The episode has echoes of Mr. Trump’s last-minute grants of clemency to political and personal allies and people with connections to him, including the involvement of Mr. Dershowitz. It also highlighted Mr. Gertler’s use of high-powered connections in Israel, including people with ties to Prime Minister Benjamin Netanyahu, and an effort to win support from the U.S. ambassador to Israel.

But the outcome was also distinguished by the secrecy of the process, which cut out the American diplomats most directly responsible for dealing with Congo and fighting corruption in Africa and appeared to have been handled largely at the level of Mr. Mnuchin and Secretary of State Mike Pompeo. The decision became public only after Mr. Trump had left office.

The abrupt reversal of policy toward Mr. Gertler was extraordinary in a number of ways, an investigation by The New York Times found.

Among the findings:

Senior State Department officials in the Trump administration — including Michael Hammer, the U.S. ambassador to Congo; J. Peter Pham, a special envoy; and Tibor P. Nagy, the assistant secretary of state for African affairs — were not informed ahead of time of the move to grant Mr. Gertler the license, contrary to normal practice.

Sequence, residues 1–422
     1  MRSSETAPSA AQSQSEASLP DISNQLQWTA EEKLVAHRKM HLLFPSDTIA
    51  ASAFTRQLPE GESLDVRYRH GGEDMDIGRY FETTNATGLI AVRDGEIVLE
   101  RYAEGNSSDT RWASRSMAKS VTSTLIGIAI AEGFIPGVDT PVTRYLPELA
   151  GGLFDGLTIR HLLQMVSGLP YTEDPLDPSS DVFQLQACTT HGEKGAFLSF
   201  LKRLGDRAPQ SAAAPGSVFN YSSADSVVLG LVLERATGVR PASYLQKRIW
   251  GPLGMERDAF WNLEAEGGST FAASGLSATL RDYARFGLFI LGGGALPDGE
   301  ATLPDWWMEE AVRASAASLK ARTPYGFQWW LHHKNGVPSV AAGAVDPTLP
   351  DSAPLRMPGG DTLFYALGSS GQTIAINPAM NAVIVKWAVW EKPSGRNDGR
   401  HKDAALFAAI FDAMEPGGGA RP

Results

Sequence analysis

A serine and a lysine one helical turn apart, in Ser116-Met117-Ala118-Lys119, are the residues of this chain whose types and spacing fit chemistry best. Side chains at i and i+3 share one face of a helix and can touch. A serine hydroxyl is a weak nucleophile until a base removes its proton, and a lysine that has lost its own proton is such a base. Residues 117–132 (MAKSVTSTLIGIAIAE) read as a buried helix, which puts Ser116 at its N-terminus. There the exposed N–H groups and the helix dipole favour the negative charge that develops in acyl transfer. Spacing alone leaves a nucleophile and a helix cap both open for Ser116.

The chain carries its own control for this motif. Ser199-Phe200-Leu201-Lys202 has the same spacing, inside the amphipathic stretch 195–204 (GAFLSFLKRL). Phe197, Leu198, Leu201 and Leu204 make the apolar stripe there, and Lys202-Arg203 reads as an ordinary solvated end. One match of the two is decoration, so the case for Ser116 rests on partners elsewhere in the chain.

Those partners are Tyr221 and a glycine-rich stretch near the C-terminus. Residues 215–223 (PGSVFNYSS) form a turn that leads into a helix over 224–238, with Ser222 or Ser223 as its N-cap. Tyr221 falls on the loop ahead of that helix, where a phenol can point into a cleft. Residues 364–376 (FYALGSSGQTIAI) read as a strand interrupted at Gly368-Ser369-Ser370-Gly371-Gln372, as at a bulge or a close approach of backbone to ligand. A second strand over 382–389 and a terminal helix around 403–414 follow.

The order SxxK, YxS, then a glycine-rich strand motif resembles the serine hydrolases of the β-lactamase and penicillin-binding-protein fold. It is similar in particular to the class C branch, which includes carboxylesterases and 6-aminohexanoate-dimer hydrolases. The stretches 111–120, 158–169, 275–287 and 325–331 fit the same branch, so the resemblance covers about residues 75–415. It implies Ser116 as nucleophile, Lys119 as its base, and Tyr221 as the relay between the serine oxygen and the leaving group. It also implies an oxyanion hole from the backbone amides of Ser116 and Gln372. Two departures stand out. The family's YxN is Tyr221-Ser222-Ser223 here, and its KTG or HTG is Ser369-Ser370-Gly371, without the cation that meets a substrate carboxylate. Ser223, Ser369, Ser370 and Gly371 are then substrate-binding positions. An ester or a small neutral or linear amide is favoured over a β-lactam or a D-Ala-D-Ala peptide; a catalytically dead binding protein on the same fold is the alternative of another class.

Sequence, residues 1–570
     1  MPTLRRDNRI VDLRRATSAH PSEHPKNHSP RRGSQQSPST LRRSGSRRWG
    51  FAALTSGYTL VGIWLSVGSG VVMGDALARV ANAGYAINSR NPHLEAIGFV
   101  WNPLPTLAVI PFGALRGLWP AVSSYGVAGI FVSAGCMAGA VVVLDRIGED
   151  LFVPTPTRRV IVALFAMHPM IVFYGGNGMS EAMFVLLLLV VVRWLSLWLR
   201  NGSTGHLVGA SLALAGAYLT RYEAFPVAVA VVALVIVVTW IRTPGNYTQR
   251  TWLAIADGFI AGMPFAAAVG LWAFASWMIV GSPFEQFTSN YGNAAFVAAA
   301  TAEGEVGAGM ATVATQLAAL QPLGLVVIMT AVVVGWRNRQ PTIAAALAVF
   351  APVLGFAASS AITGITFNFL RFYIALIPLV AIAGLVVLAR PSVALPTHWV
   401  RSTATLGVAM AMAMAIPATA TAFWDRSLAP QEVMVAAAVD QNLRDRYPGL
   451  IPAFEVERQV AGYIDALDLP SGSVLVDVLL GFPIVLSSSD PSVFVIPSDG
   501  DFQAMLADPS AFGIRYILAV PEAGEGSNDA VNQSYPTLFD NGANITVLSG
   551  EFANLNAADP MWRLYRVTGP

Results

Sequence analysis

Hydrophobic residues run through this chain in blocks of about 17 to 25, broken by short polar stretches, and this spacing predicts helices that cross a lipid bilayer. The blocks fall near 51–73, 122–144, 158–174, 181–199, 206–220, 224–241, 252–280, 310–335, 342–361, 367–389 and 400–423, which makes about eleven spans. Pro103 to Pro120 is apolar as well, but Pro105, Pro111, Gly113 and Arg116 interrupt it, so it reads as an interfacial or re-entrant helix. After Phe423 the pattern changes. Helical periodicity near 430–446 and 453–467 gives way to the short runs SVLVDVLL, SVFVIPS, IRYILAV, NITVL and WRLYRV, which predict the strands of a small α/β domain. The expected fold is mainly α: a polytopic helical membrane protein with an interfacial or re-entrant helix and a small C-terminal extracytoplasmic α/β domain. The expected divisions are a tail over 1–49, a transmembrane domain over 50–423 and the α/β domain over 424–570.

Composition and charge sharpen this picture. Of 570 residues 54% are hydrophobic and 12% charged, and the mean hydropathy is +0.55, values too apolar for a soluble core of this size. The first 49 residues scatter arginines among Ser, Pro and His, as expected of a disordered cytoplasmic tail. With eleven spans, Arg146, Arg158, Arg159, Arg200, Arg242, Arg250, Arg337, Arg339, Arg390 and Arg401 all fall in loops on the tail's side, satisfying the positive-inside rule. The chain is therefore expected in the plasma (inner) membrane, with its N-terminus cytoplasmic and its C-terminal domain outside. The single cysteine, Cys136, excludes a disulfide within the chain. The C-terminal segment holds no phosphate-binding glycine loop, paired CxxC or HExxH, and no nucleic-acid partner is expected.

“Here you have one of the most poverty-stricken nations, with a population that has suffered incredibly over the last several decades, and we have worked to turn that around, so why do this?” said Mr. Pham, who until Jan. 20 served as a senior State Department adviser on Africa.

Mr. Gertler arrived in Congo in 1997 as a 23-year-old diamond dealer, determined to challenge the global giant in supplying raw diamonds, the South African-based De Beers.

One of his first big breaks came about three years later, when Laurent Kabila, then the president of Congo, needed weapons to wage a war that would last for more than a decade.